Embedded Systems November 2000 Vol13_12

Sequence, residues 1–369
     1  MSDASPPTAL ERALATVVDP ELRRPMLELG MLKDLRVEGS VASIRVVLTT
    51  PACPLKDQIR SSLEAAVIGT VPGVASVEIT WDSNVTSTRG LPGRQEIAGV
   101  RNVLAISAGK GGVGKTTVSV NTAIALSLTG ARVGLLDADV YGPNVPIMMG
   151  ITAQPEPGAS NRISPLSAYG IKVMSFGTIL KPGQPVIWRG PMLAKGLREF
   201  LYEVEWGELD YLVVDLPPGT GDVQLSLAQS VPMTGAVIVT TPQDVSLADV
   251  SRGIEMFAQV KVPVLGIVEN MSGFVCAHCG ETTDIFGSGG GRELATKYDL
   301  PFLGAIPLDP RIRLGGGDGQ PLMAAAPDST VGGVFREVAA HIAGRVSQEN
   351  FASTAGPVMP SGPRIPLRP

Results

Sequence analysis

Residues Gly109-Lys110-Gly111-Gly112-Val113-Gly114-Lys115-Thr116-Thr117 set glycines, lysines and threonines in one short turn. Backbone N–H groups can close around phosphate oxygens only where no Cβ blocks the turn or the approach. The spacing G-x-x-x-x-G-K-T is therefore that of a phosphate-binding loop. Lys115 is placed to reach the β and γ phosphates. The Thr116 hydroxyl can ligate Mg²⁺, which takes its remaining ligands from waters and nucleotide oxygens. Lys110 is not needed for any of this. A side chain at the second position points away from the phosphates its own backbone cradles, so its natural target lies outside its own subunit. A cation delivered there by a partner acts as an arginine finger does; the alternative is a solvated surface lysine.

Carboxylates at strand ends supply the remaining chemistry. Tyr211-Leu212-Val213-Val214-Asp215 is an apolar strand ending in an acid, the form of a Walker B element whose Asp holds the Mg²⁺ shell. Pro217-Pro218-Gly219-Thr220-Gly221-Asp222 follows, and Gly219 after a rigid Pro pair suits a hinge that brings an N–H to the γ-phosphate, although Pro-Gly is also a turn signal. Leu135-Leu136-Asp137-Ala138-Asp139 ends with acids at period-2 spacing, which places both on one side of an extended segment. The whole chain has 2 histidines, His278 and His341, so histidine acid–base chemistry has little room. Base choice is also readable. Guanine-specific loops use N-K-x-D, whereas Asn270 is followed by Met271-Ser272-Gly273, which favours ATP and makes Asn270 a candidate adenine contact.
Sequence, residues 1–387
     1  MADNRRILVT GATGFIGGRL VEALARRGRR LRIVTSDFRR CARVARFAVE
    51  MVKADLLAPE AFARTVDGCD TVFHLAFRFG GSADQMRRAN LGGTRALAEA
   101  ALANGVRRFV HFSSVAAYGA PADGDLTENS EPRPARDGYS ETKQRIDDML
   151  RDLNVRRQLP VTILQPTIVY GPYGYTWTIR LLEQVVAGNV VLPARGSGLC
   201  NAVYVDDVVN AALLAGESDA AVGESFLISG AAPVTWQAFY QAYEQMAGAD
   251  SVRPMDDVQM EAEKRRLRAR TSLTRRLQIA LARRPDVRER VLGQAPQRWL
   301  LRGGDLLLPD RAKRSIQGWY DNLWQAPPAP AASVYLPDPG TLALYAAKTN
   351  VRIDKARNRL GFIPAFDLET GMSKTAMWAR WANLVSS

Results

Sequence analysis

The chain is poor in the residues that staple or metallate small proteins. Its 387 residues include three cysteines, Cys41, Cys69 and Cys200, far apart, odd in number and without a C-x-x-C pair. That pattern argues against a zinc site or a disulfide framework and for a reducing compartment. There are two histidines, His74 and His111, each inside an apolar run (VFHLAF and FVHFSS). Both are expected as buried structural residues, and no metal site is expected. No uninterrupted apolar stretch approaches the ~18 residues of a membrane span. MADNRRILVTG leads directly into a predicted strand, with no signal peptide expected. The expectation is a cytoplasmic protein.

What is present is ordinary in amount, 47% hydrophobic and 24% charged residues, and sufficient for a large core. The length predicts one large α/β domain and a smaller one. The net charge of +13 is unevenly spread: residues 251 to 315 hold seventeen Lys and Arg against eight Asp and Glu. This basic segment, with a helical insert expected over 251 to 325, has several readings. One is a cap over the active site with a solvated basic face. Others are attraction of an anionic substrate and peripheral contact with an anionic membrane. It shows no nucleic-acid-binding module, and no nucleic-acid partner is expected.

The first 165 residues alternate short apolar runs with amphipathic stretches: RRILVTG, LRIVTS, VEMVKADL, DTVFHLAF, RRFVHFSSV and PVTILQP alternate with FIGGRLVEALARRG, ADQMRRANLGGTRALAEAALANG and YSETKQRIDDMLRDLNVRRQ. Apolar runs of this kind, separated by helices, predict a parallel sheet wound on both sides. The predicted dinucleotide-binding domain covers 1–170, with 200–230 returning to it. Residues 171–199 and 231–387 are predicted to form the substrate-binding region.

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I t It has been formally proven that it is not possible to guarantee that two or more distributed sites will reach agreement in finite time over an asynchronous communication medium, if the medium between them is lossy or if one of the distributed sites can fail. attack at the proposed time but not Amphiloheus ( ince he did not ge t a confirmation). However, if the mes- senger wa caught before he reached Basileus, then Amphiloheus is in dan- ger of acting alone and uffe ring defeat. Furthermore, even if the mes- senger succeeds in getting back to Amphiloheus, there is still a possibili- ty that Basile u will n ot attack, because he i unsure that his confir- mation actually got through. To rem- edy this, Basileus may decide to send hi own messenger to Amphiloheu to ensure that his confirmation got through. But, the only way he can be certain of that is if he get a confir- mation of his confirmation. Since there is a possibility that ne ither mes- senger got through to Amphiloheus, Bas ileus is no better off than before if his second messenge r does not return . Clearly, while sending additional messengers can increase the likeli- hood that a confirmation will get through, it does not fundamentally solve the problem since there will always be a finite probability that mes- senger will get intercepted. It's a case of "does he know that I know that he knows that.. .?" and so on. Impossibility result Our parable of the generals is simply an illustra tion of a fundam ental impossibili ty result. amely, it ha been formally proven that it is not pos- sible to guarantee that two or more eli tributed sites will reach agreement in finite time over an asynchronous3 communication medium, if the medi- um between them is lossy [7] or if one of the distributed sites can fail [2] . This important result is, unfortu- nately, little known and many distrib- uted system developers are still trying to olve what is known to be an unsolv- able problem-the modern-day equiv- alent of trying to square the circle or devise a perpetual motion machine. The best that we can do in the e cir- cumstances is to reduce the possibili ty of non-termination to something that is highly unlikely. The Byzantine generals problem A common paradigm for a particular form of the distributed agreement problem is the so-called Byzantine gen- erals problem.4 In this problem it is assumed that at least one processing site is faul ty. Furthermore, any faul ty processing sites are assumed to be malicious in the sense that they are try- ing to subvert agreement by intention- ally sending incorrect information. While the number of such sites is known, their identity is not. The objec- tive is to find an algorithm whereby all the non-faul ty ites can reach agree- ment despite the disruptive actions of the faul ty sites. This may eem like a rather exotic and needle sly paranoid problem of little practical value. However, it is actually quite important for fault-toler- ant systems. The point is that any solu- tion that can survive a malicious attack will be robust enough to survive prac- tically any type of fault. Heterogeneity Many distributed system arose out of the need to integrate legacy stand- alone software y tems into a larger more comprehensive system. Since the individual systems we re often developed independe ntly of each other, they may have been based on different architectural principles and even different programming and operating system technologies. This creates another common problem of distribution: integ• -ation of heteroge- neous technologies. For example, one system might use a 16-bit integer fOJ- mat with the most significant bit in the 134 NOVEMBER 2000 Embedded Systems Programming - leftmost pOSitiOn, while its peer may use a 32-bit format with the most sig- nificant bit in the rightmost position. System establishment Since tl1ere are multiple processing sites in a distributed system, there are multiple loci of control. ote that, in gene ral, it cannot be assumed that all tl1e sites will necessa• -ily start executing at the same time. For example, a site that failed and was tl1en recovered will come up long after all the other com- ponents are all operational. A major problem is how these distributed sites find and synchronize with each other. Distributed algorithms and techniques In this section we examine some of the most common distributed algorithms. By "distributed" we mean that the decisions are reached by consensu , with each site making its own decision according to the rules of the algo- rithm and the evidence presented by the other participating sites. These algorithms gene rally are ba ed on shared (common) knowledge [7] ; tl1at is, each site must know what all the other sites know. Consequently, an important related problem is how to disseminate di stributed knowledge reliably and effi ciently. A major difficulty with common knowledge is that all parties have to know about each other. In dynamic systems, where sites may come and go, this can add a significant amount of overhead . In particular, difficulties result when a new site joins while a distributed algorithm is in progress. In those cases, it is typical to refuse entry to the newcomer until the algo- rithm terminates. Conversely, a site may fail in the middle of executing a distributed algorithm , which means that all the other participants mu t be notified. Communication techniques Both synchronous and asynchronous communication is used in distributed sys tems. Synchronous communica-

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